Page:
Jeep Wrangler YJ Fuel Filter

Changing a Jeep Wrangler YJ fuel filter isn't hard. Typically it is just a couple of hose clamps to loosen to remove the filter. Install the new filter and tighten the clamps. Filter is changed!!

Where it is located depends on what model Jeep Wrangler you have. If you have a fuel injected Wrangler like both of mine. The fuel filter is located under the Jeep by the drivers side rear tire. It can and often does have a metal band holding it in place. You can reference this YouTube video (<-- Click the link) to see what I'm talking about.

If you have an older model Wrangler that has a carburetor, the fuel filter is going to be inline up close to the carburetor as you see circled in red in the picture below. If it is the factory original set up there are 3 hose clamps to loosen on those. There is the possibility of having only 2 clamps so keep that in mind if your fuel system is a different.

On either the older carb'ed Jeeps or Fuel Injected Jeeps, when you loosen the clamps you will have some gas spill out. So have a rag handy to try absorbing the fuel as it comes out.

On the fuel injected Jeeps the fuel may still be under pressure. So, wearing safety equipment such as glasses and gloves is highly recommended because gas HURTS getting it in your eyes!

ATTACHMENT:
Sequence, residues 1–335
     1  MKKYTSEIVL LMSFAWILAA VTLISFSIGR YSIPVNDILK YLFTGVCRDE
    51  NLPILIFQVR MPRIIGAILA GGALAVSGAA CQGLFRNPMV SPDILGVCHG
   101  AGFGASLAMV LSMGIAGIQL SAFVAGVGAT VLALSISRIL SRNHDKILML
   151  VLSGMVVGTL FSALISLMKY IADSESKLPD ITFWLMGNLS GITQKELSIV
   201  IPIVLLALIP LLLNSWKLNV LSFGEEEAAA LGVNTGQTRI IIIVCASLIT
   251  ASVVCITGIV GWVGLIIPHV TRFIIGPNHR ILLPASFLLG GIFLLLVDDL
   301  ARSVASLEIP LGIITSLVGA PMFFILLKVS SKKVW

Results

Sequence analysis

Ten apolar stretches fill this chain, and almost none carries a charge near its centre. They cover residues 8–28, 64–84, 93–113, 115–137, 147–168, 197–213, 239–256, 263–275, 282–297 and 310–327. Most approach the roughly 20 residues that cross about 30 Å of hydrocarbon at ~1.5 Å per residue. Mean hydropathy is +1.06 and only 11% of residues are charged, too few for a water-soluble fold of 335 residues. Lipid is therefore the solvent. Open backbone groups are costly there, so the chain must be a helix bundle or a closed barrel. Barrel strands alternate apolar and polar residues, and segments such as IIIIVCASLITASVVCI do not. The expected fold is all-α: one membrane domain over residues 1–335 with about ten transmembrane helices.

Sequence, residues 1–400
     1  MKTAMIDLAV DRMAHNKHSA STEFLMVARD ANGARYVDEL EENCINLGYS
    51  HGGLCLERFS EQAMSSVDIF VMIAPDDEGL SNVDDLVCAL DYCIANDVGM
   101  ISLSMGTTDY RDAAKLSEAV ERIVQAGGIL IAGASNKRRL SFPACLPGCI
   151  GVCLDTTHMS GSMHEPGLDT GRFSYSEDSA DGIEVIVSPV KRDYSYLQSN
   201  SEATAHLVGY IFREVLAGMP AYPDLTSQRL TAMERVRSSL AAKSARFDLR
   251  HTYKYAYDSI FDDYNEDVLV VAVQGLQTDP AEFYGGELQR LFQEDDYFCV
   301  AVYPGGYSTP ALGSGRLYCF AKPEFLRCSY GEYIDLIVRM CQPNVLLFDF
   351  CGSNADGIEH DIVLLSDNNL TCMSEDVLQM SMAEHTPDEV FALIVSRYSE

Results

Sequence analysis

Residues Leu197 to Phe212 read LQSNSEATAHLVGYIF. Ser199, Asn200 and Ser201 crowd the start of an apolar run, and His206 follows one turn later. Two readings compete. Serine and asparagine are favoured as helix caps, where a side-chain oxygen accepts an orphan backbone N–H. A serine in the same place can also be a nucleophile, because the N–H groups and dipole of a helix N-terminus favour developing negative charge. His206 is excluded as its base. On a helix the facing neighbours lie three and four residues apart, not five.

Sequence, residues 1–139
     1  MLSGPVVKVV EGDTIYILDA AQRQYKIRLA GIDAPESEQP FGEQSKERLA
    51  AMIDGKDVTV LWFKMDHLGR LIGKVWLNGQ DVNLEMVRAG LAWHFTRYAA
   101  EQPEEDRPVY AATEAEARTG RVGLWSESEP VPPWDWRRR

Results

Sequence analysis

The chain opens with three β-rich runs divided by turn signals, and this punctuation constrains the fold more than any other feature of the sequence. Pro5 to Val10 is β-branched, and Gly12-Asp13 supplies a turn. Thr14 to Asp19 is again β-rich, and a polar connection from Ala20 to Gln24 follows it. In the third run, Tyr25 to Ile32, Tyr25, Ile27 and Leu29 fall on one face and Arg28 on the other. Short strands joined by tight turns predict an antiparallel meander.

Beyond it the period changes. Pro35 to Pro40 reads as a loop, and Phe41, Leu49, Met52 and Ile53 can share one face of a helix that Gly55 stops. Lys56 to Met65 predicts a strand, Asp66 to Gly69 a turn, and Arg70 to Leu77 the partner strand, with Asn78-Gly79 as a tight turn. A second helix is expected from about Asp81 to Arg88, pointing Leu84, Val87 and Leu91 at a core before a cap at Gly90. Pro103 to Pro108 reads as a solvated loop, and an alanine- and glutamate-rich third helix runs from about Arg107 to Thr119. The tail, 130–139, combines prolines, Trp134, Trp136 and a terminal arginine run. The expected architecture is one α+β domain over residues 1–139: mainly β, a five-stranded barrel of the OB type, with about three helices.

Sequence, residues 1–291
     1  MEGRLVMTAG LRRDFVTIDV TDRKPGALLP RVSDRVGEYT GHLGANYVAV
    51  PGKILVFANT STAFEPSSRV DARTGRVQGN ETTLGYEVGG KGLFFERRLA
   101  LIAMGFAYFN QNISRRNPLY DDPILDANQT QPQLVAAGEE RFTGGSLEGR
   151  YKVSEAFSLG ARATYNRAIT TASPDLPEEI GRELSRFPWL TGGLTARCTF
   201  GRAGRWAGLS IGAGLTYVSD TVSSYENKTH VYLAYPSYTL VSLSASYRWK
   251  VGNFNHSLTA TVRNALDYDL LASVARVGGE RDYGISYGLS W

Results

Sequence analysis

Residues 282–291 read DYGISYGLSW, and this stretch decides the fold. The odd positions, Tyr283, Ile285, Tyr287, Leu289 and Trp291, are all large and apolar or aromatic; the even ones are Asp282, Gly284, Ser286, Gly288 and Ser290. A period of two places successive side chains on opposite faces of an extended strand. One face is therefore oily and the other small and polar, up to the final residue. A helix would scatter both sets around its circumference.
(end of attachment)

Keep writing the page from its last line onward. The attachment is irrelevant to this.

Jeep Wrangler YJ Fuel Filter - How often should it be changed?

This answer varies all over the place! There are service manuals that recommend every 30,000 miles. The YJ Service Manual says 60,000 miles. There are some that say you never have to change them. I do not agree with any of these service intervals.  I DO change all the filters on every vehicle I own.

The Jeep Wrangler YJ Fuel filters are not expensive at all. I daily drive my 1991 Jeep Wrangler 4.0 so I recommend changing the fuel filter about every 3rd oil change. You can change it more or less depending on your habits, drive mileage or even the quality of the gas in your area.

What are the symptoms of a bad fuel filter?

Lack of engine power

Lets use an analogy to make this easier to understand. Imagine a jogger running down the track. They have their mouth slightly open breathing in oxygen a nice controlled manner getting their exercise in. The oxygen is part of the fuel to the body of the runner.

Now imagine the same jogger trying to run breathing through a drinking straw. The straw is creating a restriction preventing the runner from getting the proper amount of oxygen to run, therefore the runner is running out of energy and strength to keep running.

This analogy can be used for air filters as well.

So this analogy can be a direct comparison to a clogged up fuel filter in a Jeep or any other vehicle for that matter.

When there is a lack of fuel getting to the engine due to a clogged fuel filter the ECM or the engine computer will make adjustments to help prevent the engine from detonating or pinging. This kills engine power from idle to full throttle.

If you have a carburetored engine, the lack of fuel flow can make the engine start pinging sounding like its got a small high pitched rattling sound. Same as a fuel injected engine, it kills that engine horse power.

This rattling sound is known as detonation or pinging as I mentioned above. Each one of those pinging sounds is the fuel/air mixture exploding before its time. Yes this creates that sound, but much worse it takes little tiny fragments of piston or spark plugs with it each time the fuel prematurely explodes.